For Howard County races, use the resources from the League of Women Voters, a nonpartisan organization that encourages informed and active participation in government. Read the 2022 Primary Voters Guide and/or watch the Primary Candidates Forum.  

County Executive: Fast forward to 2 minutes, 50 seconds. 

Howard County Council: 

  • District 1: Fast forward to 20 minutes 
  • District 2: No attendees 
  • District 3: Fast forward to 34 minutes 
  • District 4: Fast forward to 40 minutes 
  • District 5: Fast forward to 59 minutes 

State’s Attorney: Fast forward to 1 hour, 5 minutes 

Clerk of Circuit Court: Fast forward to 1 hour, 11 minutes 

Register of Wills: Fast forward to 1 hour, 14 minutes 

Sheriff: Fast forward to 1 hour, 17 minutes 

Judge of Orphan’s Court: Fast forward to 1 hour, 23 minutes 

Board of Education: Fast forward to 1 hour, 36 minutes 

MD House of Delegates: 

  • District 13: Fast forward to 2 hours, 20 minutes 
  • District 12A: Fast forward to 2 hours, 57 minutes 
  • District 9B: Fast forward to 3 hours 
  • District 9A: Fast forward to 3 hours, 8 minutes 

MD Senate: 

  • District 13: No attendees 
  • District 12: Fast forward to 3 hours, 37 minutes 
  • District 9: Fast forward to 3 hours, 52 minutes 

Judge of Circuit Court: Fast forward to 3 hours, 56 minutes 

Now that you’re ready to cast your vote, visit the State Board of Elections or Howard County Board of Elections to find your polling place and get answers to frequently asked questions. Or, enter the address where you are registered to vote to find your polling place: https://gettothepolls.com 

Polls are open from 7 am to 8 pm on Tuesday, July 19.

And once you vote, learn more about voting history with this curated list of books and films in our collection.  

Whether you vote by mail, by drop box, or in person, educate yourself about the candidates and issues and VOTE!  

Christie Lassen is the Director of Communication and Partnerships for Howard County Library System. She loves walking through the network of pathways in Columbia, sitting on the beach, and cheering for the Baltimore Orioles and Texas Aggies football team.

I always thought the ‘90’s were cool 

The cover shows a handheld landline phone with a beige stretchy spiral cord; since the casing is clear plastic, all the inner mechanical parts are visible, in shades of turquoise, pink, orange, and yellow.

By Eric L.

Although, I’ve become more confident recently.  

The Nineties: A Book by Chuck Klosterman is written in an extremely entertaining, journalistic style, a look back at the decade that has become so “in,” it’s “out.” Although, like Klosterman, I am almost a “caricature” of a “Gen X” caricature, so this book is a bit of an easy sell to someone like me. This is one of those time periods when something culturally progressive was happening, and to some extent, I’m a product of that. The art I experienced played a part, but perhaps I had a predilection for this sort of thing.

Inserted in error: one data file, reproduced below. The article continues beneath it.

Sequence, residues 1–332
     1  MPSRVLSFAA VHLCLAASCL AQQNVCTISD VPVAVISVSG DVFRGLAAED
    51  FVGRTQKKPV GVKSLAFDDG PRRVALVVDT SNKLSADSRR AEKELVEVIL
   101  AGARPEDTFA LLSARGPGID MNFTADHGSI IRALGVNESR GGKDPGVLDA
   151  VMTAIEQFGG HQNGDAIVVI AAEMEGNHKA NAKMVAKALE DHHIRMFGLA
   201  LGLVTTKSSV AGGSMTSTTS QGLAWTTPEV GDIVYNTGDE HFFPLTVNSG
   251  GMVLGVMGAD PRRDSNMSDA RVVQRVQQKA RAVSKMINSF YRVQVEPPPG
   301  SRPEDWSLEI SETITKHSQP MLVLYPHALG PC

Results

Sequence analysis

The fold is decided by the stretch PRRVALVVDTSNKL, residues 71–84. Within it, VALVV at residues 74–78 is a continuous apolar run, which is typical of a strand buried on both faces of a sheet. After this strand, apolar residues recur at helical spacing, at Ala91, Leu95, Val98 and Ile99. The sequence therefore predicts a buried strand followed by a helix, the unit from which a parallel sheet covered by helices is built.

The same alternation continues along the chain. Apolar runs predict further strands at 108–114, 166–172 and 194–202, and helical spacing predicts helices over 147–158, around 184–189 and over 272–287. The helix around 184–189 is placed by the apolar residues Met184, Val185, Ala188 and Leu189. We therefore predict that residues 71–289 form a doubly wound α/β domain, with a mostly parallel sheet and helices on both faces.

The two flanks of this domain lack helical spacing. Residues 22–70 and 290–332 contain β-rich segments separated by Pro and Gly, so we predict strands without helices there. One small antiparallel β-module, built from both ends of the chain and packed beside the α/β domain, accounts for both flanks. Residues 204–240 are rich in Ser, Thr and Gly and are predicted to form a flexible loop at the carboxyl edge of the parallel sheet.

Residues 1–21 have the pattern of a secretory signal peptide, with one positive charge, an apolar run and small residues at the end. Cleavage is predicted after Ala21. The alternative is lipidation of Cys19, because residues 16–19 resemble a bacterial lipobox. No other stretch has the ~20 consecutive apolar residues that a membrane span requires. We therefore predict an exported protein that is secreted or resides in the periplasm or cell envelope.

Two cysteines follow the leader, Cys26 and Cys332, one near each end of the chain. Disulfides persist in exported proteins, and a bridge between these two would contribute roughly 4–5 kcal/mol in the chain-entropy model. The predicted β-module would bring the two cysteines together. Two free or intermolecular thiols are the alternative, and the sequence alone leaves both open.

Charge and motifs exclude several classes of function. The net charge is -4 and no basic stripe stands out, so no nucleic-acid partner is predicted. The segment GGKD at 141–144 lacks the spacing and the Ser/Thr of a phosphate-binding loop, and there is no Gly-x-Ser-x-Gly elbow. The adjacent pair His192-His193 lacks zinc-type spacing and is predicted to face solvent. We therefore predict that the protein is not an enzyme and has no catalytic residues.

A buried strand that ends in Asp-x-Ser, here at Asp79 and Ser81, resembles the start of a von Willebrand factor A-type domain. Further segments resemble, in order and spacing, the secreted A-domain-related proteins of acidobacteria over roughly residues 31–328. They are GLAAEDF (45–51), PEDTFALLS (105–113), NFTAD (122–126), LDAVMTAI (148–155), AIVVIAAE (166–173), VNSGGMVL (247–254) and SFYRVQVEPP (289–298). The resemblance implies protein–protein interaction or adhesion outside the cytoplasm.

However, this book is not just for aging hipsters like me. Klosterman successfully argues that what we remember from the decade, the stereotypes, may be quite different from the reality. He alludes to the fact that we always misremember things, or rely on the stereotypes of decades to classify them easily in our minds.  

Klosterman does an excellent job of highlighting all the things that I personally remember as positive for society, but the anecdotes and examples made me realize we have similar taste and beliefs. The films and the music were a considerable influence on my taste and my social awareness. He also mentions that art about the lives of Black people was consumed by white audiences like never before. The independent films and music were different than most things I had experienced before. Klosterman makes the remarkably interesting argument that the local video rental store, and later the chains, gave birth to the working-class auteur. In short, they could browse and watch films (e.g. Citizen Kane, Chinatown) multiple times which may have been only previously shown at an art house theatre. 

That said, Klosterman points out that Titanic was the biggest movie of the decade, and this hardly qualifies as progressive art. Moreover, Tupac sold more records than Nirvana, and Garth Brooks sold more than both put together (and really birthed new country). So why is it that balding guys with cowboy hats and tight jeans are not proffered as 1990’s stereotypes? 

The extremely high approval rating for a “liberal” President who was a serial philanderer and predator does not jibe with the ethos of 2020. Klosterman even asks the question many now ask: if the Democratic Party is worse off because of the Clintons. I was particularly interested in the discussion of the most successful third-party candidate in a century. The fact that Ross Perot received 19 percent of the vote almost seems unfathomable now. How the United States kind of “meddled” in the 1996 Russian democratic election is also an interesting sidebar. 

There are too many interesting sidebars to mention, but many are things we may have forgotten. For example, Michael Jordan, the most successful basketball player ever, decided to play minor league baseball, primarily because he was bored and tired. It came as a shock to America that baseball players and cyclists were using performance enhancing drugs to put on superhuman performances.